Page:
The Impact and Importance of Preservation
Historic preservation in North Carolina creates jobs, fortifies the tax base, provides economic boosts to downtowns, and utilizes existing buildings and infrastructure while preserving the state’s priceless historic character. As a national leader among states in historic preservation efforts, North Carolina can boast a top five status in the federal historic rehabilitation tax credit program, bolstered by a robust parallel state tax credit program, both designed to foster investment in and preservation of endangered and underutilized historic properties. Alumnus Tim E. Simmons [BEDA ’81, B.Arch ’83] is key to the implementation and impact of these preservation projects as the Senior Preservation Architect and Income-Producing Tax Credit Coordinator with the NC State Historic Preservation Office. For more than 26 years, Simmons has held this position. “It’s a rewarding job, and I love it,” he states emphatically.
To date, approximately 3,500 buildings and homes have taken advantage of these preservation tax credits with an investment of $2.2 billion dollars. Ninety of the 100 counties in NC have participated. “Some towns use it very well, and it can be a great economic boost to downtowns,” states Simmons. He discloses that towns like Wilmington, Raleigh, Durham, Greensboro, Winston-Salem, Salisbury, Charlotte, and Asheville have used this program successfully. The historic tobacco warehouses have generated a great deal of attention and acclaim through rehabilitation.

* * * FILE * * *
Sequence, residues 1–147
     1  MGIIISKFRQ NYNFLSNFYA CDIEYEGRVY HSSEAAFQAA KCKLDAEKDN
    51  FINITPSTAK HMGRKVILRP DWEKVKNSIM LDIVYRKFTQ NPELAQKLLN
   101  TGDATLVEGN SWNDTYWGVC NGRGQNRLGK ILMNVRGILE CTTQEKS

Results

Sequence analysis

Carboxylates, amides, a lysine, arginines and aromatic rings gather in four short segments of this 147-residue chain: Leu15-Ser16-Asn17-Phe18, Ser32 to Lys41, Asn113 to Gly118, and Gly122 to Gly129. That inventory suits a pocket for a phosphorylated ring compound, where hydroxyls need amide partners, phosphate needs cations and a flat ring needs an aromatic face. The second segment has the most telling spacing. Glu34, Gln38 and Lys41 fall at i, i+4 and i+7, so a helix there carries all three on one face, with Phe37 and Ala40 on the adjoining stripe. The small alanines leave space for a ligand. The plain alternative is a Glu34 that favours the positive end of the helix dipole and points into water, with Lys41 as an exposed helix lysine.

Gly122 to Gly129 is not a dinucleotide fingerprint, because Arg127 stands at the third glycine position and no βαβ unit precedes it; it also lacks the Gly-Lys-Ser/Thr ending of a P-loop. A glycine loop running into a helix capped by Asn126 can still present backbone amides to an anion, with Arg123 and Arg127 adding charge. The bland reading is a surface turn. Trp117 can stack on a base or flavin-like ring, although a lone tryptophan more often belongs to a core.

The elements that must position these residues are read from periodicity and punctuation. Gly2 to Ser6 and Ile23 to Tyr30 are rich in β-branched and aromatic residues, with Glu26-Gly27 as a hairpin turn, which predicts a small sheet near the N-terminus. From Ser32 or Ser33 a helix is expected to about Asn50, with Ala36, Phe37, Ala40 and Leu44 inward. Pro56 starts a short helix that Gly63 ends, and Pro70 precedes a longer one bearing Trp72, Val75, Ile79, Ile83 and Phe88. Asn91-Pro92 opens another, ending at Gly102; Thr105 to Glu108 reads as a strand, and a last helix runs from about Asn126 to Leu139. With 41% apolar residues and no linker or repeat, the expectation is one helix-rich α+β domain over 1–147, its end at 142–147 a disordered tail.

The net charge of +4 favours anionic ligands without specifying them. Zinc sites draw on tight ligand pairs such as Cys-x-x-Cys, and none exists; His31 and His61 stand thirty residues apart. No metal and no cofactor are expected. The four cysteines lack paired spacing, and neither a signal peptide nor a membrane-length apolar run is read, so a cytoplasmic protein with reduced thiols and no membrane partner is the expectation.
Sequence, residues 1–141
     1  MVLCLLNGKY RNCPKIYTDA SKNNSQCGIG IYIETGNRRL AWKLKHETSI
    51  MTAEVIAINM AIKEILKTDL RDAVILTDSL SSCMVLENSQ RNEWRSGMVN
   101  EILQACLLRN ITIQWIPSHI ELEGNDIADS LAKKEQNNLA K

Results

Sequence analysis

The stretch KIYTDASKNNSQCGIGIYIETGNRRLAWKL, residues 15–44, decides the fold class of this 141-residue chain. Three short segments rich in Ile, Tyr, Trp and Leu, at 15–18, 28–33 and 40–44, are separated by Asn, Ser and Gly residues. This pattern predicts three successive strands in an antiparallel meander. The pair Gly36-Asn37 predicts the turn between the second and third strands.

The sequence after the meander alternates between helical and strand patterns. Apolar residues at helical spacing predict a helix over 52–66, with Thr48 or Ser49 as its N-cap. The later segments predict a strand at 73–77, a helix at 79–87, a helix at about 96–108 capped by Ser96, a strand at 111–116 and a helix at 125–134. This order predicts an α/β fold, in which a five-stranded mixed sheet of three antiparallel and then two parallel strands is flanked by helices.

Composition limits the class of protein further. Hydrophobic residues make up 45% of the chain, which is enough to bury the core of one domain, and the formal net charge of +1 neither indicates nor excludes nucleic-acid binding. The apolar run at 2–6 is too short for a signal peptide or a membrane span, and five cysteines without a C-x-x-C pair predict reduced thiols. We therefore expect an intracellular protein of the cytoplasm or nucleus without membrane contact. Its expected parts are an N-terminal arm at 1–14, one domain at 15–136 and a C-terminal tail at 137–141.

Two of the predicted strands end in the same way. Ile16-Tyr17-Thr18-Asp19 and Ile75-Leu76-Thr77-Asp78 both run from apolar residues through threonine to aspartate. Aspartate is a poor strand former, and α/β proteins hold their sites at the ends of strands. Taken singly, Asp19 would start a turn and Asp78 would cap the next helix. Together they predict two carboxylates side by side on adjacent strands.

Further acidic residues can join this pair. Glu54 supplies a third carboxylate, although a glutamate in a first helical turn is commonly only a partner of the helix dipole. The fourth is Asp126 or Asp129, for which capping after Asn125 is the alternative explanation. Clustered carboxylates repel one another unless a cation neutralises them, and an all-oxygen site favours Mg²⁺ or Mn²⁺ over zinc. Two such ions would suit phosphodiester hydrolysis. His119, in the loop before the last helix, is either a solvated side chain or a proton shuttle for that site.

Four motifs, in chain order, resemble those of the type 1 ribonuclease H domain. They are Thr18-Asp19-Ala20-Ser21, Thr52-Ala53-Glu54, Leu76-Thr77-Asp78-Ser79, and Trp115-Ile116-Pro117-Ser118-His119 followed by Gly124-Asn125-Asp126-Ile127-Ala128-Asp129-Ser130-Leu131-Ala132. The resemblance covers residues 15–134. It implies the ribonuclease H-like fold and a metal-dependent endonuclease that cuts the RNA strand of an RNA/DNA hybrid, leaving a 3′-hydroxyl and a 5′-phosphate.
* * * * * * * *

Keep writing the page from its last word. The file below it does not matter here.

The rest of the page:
“It’s amazing to see the American Tobacco Historic District in Durham 20 years ago, abandoned and underutilized, and to see it now. This is what [tax credits] can do for a community, city, or town. This area in Durham is so revitalized.”
Below are two income-producing historic tax credit projects that Simmon’s office reviewed and approved the Historic Preservation Certification Applications and provided historic rehabilitation advice and consultation.
First Example : Randolph County, Asheboro, Cranford Industries Office: The 1925 Cranford Industries Office for the Asheboro Hosiery Mills-Cranford Furniture Company was rehabilitated 2012-2013 and is now a successful bakery and restaurant. This project was spurred by the use of the federal and state historic income-producing tax credits with a private investment rehabilitation cost of $298,000.
Second Example: Wilkes County, Wilkesboro, Wilkesboro Elementary School: The 1937 Wilkesboro Elementary School located in the Downtown Wilkesboro Historic District was rehabilitated 2011-2012 into affordable housing for the elderly and disabled. The project utilized federal and state income-producing historic tax credits with a private investment rehabilitation cost of $1,784,000.